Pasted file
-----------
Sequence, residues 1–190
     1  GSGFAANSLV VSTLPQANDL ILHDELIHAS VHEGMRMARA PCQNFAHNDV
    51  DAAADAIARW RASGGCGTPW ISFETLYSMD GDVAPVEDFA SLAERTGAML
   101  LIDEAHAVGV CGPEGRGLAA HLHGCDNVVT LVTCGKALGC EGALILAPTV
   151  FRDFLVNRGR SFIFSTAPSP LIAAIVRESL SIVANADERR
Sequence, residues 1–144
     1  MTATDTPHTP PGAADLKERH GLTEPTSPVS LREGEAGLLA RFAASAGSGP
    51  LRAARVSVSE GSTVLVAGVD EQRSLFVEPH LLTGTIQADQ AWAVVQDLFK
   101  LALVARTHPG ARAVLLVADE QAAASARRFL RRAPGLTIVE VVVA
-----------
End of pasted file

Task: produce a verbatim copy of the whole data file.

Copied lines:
Sequence, residues 1–190
     1  GSGFAANSLV VSTLPQANDL ILHDELIHAS VHEGMRMARA PCQNFAHNDV
    51  DAAADAIARW RASGGCGTPW ISFETLYSMD GDVAPVEDFA SLAERTGAML
   101  LIDEAHAVGV CGPEGRGLAA HLHGCDNVVT LVTCGKALGC EGALILAPTV
   151  FRDFLVNRGR SFIFSTAPSP LIAAIVRESL SIVANADERR
Sequence, residues 1–144
     1  MTATDTPHTP PGAADLKERH GLTEPTSPVS LREGEAGLLA RFAASAGSGP
    51  LRAARVSVSE GSTVLVAGVD EQRSLFVEPH LLTGTIQADQ AWAVVQDLFK
   101  LALVARTHPG ARAVLLVADE QAAASARRFL RRAPGLTIVE VVVA